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Davies humbled by OBE award

Published 12/06/2015

Jonathan Davies has been awarded the OBE for his work with the Velindre Cancer Centre
Jonathan Davies has been awarded the OBE for his work with the Velindre Cancer Centre

Former Wales fly-half Jonathan Davies found himself "extremely humbled" to be awarded the OBE in the Queen's Birthday Honours List for fundraising for Cardiff's Velindre Cancer Centre.

Davies' life will always be linked to the disease, his father dying of cancer when he was just 14, and his wife Karen also losing her battle with the illness in 1997.

The 52-year-old received an MBE for services to rugby in 1996, the year before his wife passed away.

Five years ago the Velindre Cancer Centre approached Davies to become patron. Now he is honorary president and overwhelmed to accept another honour, on behalf of widespread fundraising for the Whitchurch-based specialist treatment clinic.

"You certainly don't set out to get these, and I'm very honoured and extremely humbled," Davies told Press Association Sport.

"I've just been part of a team trying to do something to fight back against a horrible disease that has touched so many people's lives.

"So many people have been touched by cancer it's frightening, but fingers crossed we can help in some little way.

"I lost my dad to cancer when I was 14, my mum had to travel to Cambridge from west Wales for his treatment and in those days that was a long, long way.

"My wife passed away, my uncle's had it, and so many of my friends have lost loved ones.

"I think it was five years ago the Velindre approached me to be patron, and then president.

"And my job basically is raising that awareness, we've been so lucky with people like (Wales stars) Sam Warburton and Martyn Williams and (Manic Street Preachers singer) James Dean Bradfield, so many people helping us."

Trimsaran-born Davies rose to prominence in rugby union with Neath, making his Wales debut in 1985.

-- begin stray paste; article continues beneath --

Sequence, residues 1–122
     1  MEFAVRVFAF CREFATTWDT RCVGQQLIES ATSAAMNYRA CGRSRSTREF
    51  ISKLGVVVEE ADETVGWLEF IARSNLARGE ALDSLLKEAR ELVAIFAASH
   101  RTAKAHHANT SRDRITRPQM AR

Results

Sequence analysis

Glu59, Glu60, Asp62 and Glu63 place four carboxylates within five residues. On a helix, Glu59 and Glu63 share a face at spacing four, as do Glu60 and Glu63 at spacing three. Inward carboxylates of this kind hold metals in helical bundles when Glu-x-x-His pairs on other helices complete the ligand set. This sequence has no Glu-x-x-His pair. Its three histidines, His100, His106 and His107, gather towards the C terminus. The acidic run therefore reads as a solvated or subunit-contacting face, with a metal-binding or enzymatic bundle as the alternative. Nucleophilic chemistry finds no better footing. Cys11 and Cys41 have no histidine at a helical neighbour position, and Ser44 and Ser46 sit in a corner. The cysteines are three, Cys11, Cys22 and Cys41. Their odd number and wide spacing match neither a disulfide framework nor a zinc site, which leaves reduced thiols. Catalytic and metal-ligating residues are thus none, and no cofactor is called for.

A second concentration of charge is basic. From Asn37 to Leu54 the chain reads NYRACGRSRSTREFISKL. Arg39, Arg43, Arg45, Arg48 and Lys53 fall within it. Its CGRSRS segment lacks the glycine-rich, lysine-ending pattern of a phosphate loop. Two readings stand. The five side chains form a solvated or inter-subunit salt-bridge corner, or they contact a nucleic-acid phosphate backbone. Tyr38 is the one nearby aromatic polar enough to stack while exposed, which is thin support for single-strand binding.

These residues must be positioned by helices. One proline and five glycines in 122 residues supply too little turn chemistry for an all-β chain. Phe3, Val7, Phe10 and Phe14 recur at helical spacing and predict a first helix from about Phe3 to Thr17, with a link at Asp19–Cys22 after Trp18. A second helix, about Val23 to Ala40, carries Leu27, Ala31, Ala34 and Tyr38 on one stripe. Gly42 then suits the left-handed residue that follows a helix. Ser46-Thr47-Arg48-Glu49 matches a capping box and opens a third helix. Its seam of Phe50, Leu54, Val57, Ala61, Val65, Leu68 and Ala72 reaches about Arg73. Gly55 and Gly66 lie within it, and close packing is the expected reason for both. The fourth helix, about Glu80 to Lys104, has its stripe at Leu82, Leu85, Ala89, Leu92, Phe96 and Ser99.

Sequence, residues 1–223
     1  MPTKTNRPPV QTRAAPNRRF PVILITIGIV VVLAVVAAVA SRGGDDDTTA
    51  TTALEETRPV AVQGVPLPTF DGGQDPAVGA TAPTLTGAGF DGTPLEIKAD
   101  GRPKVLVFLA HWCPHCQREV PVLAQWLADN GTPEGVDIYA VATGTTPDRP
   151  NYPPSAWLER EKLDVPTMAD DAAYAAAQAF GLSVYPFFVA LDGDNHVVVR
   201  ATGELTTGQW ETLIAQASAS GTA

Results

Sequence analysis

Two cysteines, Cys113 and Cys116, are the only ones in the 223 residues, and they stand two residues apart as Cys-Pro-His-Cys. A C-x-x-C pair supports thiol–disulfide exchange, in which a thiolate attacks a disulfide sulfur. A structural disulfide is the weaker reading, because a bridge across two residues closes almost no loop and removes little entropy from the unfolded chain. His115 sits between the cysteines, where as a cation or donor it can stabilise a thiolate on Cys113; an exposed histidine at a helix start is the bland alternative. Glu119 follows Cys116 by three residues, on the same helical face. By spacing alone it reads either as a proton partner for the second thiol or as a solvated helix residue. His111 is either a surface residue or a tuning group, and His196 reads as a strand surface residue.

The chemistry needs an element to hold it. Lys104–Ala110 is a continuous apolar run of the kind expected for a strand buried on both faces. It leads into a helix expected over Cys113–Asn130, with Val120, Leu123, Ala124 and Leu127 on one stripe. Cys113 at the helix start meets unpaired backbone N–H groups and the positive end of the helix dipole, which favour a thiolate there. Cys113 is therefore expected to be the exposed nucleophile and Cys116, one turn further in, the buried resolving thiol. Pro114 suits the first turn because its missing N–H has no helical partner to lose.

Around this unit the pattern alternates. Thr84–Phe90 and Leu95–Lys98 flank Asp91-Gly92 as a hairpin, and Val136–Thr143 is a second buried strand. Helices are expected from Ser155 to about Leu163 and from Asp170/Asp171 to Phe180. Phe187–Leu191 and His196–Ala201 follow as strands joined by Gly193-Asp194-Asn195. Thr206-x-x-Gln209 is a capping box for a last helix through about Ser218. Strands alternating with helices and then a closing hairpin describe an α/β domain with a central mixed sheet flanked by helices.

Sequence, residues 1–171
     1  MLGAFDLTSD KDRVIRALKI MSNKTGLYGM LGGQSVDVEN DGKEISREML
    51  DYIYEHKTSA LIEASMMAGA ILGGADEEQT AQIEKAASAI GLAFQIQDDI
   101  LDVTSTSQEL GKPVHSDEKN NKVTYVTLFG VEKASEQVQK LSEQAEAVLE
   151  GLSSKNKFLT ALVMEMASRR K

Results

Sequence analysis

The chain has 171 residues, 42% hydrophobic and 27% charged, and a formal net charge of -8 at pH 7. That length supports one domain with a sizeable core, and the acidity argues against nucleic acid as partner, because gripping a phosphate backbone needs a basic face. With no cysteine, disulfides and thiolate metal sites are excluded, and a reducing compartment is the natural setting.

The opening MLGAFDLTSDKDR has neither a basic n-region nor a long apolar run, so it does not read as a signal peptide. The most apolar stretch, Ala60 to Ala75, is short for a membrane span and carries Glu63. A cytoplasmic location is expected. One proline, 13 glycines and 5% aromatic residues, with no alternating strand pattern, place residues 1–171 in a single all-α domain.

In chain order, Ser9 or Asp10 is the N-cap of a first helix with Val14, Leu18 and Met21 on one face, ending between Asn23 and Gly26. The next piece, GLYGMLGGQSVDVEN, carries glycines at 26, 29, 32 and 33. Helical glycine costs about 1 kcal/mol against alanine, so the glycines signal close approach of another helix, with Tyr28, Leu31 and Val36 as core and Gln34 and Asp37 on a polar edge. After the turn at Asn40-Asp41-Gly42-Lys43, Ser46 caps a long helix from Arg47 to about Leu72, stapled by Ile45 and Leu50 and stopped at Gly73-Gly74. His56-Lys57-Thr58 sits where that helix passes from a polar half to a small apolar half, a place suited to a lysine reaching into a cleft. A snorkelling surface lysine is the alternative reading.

After a stint with Llanelli he moved to rugby league in 1989, signing for Widnes, representing both Wales and Great Britain and staying in the code until 1995.

Davies managed to resurrect his Wales career on his return to union with Cardiff in 1995, and remains one of the most talented and intelligent playmakers to grace both codes of the sport.

The 32-cap former Wales star admitted he was proud to take his family to Buckingham Palace to receive his first honour 19 years ago - and plans to "make a day of it" this time too.

"I would like to think I will receive this honour on behalf of everyone that works so hard at the cancer hospital," said Davies.

"From the fundraising staff to the doctors and nurses, and all those people who raise money, people do amazing things, because unfortunately they have been touched in some way by this cruel disease.

"I could never have expected to receive something like this: hopefully this is recognition for a lot of hard work from a lot of people.

"I'll be looking forward to receiving the honour: I'll go up with my partner, take my parents and my children - see if we can get everyone in!"

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